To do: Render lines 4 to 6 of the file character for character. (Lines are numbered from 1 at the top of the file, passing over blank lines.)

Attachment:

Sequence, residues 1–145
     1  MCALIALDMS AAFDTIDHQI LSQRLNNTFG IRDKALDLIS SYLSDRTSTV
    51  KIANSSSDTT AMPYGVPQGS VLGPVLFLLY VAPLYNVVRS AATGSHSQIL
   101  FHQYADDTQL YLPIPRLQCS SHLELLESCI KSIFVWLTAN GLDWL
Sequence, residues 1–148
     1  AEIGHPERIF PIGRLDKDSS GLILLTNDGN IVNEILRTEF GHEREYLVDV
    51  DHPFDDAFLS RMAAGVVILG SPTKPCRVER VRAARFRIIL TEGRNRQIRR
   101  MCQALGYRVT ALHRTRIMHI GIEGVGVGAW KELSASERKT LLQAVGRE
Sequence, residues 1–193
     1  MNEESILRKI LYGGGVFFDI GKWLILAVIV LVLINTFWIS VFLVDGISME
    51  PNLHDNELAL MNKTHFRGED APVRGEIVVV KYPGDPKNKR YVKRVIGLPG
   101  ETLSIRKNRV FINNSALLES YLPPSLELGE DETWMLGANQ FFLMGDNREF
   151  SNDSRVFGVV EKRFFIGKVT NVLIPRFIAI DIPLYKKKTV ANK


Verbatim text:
   101  FHQYADDTQL YLPIPRLQCS SHLELLESCI KSIFVWLTAN GLDWL
Sequence, residues 1–148
     1  AEIGHPERIF PIGRLDKDSS GLILLTNDGN IVNEILRTEF GHEREYLVDV